The History of Brazil’s Independence Day

Brazil became an independent country from Portugal on September 7, 1822. Since then, Brazilians celebrate this day with great fanfare: parades, festivals, carnivals and events mark the occasion. It’s a joyful day, after all. On that day in 1822, the son of Portugal’s then-king, Prince Pedro, declared from the banks of the Ipiranga River that Brazil was free from Portuguese reign. He was well loved by his people. Donning the Portuguese symbol on his uniform, he is believed to have yelled “By my blood, by my honor, and by God: I will make Brazil free.”

He soon became the Emperor of Brazil and banished Portuguese forces from his country. This marked the end of 322 years of colonial dominance. Brazil was first discovered and ruled by the Portuguese back in the 16th century. Other nations (France was one of them) tried to gain control but met with no success. King Dom João VI had been living in Brazil since 1808, making this the Kingdoms of the United Kingdom of Portugal, Brazil and Algarves.

His son Dom Pedro was named Constitutional Emperor and Perpetual Defender of Brazil in October of 1822. It was because of his efforts that independence for Brazil was won. His allegiance eventually shifted from the Cortes (Constituent Assembly) to the Brazilian cause. More than 6,000 casualties of war were reported by the time an official treaty declaring sovereignty was formally established three years later. The Brazilian empire spanned from 1822 until 1889, when it was overthrown by military leaders. Although Brazil became a republic and not a monarchy in 1889, it still embraces the September 7th date proudly as its Independence Day. Like America’s July 4th, there are many celebrations, fireworks, parades and celebrations to mark this day.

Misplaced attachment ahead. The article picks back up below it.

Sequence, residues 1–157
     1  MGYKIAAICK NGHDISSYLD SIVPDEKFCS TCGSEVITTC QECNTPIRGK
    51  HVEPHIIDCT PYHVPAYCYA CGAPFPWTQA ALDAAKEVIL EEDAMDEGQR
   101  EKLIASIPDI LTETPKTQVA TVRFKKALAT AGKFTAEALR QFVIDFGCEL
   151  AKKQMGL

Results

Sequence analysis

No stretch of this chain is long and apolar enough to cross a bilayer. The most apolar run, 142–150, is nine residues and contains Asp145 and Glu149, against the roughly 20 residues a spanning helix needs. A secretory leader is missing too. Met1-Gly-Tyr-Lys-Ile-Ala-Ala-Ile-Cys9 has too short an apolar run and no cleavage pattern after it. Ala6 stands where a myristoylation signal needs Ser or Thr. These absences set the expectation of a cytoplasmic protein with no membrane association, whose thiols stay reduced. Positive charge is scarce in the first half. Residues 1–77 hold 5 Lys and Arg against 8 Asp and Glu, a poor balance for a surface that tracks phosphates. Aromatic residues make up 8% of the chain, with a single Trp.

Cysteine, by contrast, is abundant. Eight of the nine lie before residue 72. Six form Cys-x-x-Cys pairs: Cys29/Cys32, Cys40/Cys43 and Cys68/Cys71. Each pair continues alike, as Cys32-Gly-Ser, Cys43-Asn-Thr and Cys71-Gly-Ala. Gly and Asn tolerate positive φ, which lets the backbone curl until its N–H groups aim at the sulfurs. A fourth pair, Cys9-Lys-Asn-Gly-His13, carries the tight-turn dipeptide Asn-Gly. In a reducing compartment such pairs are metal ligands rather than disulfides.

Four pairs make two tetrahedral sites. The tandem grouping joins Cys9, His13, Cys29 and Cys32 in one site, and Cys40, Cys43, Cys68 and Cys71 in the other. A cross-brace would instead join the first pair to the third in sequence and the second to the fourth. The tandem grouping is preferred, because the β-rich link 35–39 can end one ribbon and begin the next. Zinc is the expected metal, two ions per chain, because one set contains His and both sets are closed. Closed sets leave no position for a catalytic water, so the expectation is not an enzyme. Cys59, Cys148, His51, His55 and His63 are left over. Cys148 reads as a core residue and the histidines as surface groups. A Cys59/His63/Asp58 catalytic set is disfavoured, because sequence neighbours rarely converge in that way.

In the capital of Brazil – Brasilia — citizens and visitors alike celebrate at the Ministries Esplanade complete with a military parade overseen by the President of Brazil as well as other political leaders. As a side note, Rio de Janeiro had been the capital of Portugal from 1808 until 1822. It is still mistaken by outsiders as the capital of Brazil.

Apart from emergency service workers, the people of Brazil are given this day off every year to participate in outings, picnics and other outdoor events. It’s not uncommon to see street parades with flags, concerts, air shows, banners, streamers and balloons. How do YOU celebrate Brazil’s Independence? When visiting Brazil during this time, jump in on the local festivities and act as the locals do. Learn more about the customs and history through BRIC Language Systems, where you can learn the nuances of the Brazilian Portuguese language.